[Linux-cluster] OOM failures with GFS, NFS and Samba on a cluster with RHEL3-AS

Jonathan Woytek woytek+ at cmu.edu
Sat Jan 22 02:57:19 UTC 2005

I have been experiencing OOM failures (followed by reboots) on a cluster 
running Dell PowerEdge 1860's (dual-proc, 4GB RAM) with RHEL3-AS with 
all current updates.

The system is configured as a two-member cluster, running GFS 6.0.2-25 
(RH SRPM) and cluster services 1.2.16-1 (also RH SRPM).  My original 
testing went fine with the cluster, including service fail-over and all 
that stuff (only one lock_gulmd, so if the master goes down, the world 
explodes--but I expected that).

Use seemed to be okay, but there weren't a whole lot of users. 
Recently, a project wanted to serve some data from their space in GFS 
via their own machine.  We mounted their space via NFS from the cluster, 
and they serve their data via samba from their machine.  Shortly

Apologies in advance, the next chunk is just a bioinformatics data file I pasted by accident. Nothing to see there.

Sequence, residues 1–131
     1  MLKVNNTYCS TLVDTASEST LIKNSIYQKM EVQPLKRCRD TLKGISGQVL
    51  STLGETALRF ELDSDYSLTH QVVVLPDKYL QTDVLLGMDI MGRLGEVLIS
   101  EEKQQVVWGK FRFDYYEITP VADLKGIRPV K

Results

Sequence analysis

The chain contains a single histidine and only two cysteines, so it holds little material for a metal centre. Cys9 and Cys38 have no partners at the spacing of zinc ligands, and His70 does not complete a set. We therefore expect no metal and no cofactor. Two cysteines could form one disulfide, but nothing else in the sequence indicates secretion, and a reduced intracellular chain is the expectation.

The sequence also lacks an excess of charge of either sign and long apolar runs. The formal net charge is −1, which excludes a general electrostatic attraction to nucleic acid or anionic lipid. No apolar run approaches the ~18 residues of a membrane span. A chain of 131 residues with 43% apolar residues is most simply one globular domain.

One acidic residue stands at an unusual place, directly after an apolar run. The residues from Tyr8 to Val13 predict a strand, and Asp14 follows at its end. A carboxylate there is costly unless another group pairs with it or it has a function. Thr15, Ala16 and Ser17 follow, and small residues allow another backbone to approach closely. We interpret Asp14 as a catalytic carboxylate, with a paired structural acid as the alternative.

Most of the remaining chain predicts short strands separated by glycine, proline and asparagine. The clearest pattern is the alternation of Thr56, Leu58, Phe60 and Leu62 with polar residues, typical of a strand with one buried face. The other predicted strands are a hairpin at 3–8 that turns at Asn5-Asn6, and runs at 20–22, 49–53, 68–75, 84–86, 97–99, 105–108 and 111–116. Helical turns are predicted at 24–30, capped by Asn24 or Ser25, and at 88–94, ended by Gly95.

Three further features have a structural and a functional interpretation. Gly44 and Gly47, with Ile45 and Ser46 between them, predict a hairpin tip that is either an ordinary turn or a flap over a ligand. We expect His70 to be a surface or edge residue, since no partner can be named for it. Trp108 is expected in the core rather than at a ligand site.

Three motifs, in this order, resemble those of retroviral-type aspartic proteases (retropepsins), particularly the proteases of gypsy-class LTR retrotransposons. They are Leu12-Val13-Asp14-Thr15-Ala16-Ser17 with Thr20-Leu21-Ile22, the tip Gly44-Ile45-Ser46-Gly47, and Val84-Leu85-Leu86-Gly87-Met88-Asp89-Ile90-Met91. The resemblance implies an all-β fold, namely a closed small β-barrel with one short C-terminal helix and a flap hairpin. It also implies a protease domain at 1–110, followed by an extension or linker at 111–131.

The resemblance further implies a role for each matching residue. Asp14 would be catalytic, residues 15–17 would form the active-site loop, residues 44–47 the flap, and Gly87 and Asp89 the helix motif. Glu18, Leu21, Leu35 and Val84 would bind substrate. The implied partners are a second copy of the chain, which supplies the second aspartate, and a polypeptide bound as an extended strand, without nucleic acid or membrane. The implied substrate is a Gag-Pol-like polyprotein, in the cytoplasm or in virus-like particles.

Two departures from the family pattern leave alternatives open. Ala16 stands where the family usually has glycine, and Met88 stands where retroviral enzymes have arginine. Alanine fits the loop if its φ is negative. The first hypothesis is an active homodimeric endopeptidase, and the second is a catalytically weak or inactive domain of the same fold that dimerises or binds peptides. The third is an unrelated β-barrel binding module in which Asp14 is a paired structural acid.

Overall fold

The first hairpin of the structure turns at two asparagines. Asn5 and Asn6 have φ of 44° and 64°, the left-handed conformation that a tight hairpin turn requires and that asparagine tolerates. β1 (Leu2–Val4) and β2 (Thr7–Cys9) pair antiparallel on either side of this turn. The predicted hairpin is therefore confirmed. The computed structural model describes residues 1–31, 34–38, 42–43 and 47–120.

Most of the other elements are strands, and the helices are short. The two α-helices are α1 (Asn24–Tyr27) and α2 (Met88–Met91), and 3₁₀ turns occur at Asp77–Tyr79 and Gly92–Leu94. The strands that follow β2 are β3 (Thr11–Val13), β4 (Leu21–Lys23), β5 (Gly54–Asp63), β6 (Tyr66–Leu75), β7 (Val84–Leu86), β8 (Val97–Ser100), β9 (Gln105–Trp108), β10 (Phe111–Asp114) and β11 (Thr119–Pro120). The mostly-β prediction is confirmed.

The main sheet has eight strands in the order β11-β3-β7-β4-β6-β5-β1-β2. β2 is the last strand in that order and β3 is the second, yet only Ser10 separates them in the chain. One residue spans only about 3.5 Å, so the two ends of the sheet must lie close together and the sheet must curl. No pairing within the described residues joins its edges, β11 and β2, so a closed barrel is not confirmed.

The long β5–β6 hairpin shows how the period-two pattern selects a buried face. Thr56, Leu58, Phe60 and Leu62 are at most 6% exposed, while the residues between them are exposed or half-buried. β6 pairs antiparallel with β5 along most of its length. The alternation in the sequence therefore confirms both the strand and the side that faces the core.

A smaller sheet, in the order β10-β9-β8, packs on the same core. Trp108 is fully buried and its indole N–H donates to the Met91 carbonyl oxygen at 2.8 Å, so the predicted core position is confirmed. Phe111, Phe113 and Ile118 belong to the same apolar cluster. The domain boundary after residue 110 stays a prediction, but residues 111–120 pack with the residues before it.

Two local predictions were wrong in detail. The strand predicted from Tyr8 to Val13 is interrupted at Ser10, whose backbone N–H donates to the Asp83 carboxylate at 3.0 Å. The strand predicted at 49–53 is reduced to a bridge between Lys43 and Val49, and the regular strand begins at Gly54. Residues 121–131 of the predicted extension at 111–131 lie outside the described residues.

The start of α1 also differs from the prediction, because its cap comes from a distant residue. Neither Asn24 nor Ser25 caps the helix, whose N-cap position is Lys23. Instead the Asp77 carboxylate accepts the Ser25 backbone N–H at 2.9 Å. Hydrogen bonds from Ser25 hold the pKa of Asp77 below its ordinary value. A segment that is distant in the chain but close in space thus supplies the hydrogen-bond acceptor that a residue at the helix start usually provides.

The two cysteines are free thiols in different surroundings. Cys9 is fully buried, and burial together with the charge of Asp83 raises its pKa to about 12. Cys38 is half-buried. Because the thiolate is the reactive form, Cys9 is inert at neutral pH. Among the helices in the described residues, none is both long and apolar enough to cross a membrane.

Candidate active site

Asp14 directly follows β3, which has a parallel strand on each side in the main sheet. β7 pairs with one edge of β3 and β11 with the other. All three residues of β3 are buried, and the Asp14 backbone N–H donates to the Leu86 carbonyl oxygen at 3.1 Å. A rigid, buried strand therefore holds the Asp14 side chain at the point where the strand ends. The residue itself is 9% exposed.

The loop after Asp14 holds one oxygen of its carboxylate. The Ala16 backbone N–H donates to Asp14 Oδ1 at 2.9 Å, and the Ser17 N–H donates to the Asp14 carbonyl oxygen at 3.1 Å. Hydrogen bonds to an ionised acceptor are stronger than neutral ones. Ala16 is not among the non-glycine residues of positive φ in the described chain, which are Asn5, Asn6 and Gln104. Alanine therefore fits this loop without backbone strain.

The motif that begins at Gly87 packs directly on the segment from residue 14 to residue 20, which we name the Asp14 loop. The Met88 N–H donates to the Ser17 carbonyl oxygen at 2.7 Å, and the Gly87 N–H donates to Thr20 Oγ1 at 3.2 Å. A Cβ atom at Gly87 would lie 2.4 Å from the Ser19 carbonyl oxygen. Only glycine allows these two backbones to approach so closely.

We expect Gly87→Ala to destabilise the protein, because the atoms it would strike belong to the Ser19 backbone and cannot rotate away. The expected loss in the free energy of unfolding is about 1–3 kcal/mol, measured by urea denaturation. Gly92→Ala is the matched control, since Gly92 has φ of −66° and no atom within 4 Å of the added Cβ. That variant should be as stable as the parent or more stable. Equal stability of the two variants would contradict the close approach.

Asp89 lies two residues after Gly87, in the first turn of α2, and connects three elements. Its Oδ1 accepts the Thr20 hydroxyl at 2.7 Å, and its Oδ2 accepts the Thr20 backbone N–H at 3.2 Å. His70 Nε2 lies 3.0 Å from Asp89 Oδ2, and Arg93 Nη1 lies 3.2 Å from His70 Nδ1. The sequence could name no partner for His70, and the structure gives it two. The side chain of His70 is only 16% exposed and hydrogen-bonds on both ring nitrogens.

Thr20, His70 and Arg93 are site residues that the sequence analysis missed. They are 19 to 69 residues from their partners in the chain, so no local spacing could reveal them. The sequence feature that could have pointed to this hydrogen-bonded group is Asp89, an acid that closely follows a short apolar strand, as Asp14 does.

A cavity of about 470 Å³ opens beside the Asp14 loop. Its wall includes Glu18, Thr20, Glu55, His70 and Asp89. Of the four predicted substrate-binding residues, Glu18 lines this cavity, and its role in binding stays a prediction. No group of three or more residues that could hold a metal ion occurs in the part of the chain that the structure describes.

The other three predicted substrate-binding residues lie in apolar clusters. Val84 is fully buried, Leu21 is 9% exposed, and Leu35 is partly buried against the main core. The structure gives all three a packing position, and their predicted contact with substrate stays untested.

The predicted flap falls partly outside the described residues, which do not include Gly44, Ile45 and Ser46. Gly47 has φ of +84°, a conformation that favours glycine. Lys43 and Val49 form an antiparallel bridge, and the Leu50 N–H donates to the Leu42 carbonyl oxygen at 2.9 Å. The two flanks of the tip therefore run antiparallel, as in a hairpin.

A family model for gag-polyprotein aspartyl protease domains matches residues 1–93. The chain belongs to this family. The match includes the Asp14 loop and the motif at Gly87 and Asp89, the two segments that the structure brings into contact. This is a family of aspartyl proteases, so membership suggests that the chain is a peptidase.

thereafter, two things happened:  more people started to access the 
data, and the cluster machines started to crash.  The symptoms are that 
free memory drops extremely quickly (sometimes more than 3GB disappears 
in less than two minutes).  Load average usually goes up quickly (when I 
can see it).  NFS processes are normally at the top of top, along with 
kswapd.  At some point, around this time, the kernel starts to spit out 
OOM messages and it starts to kill bunches of processes.  The machine 
eventually reboots itself and comes back up cleanly.

Space of outages seems to be dependent on how many people are using the 
system, but I've also seen the machine go down when the backup system 
runs a few backups on the machine.  One of the things I've noticed, 
though, is that the backup system doesn't actually cause the machine to 
crash if the system has been recently rebooted, and memory usage returns 
to normal after the backup is finished.  Memory usage usually does NOT 
return to completely normal after the gigabytes of memory become used 
(when that happens, the machine will sit there and keep running for a 
while with only 20MB or less free, until something presumably tries to 
use that memory and the machine flips out).  That is the only time I've 
seen the backup system cause the system to crash--after it has endured 
significant usage during the day and there are 20MB or less free.

I'll usually get a call from the culprits telling me that they were 
copying either a) lots of files or b) large files to the cluster.

Any ideas here?  Anything I can look at to tune?


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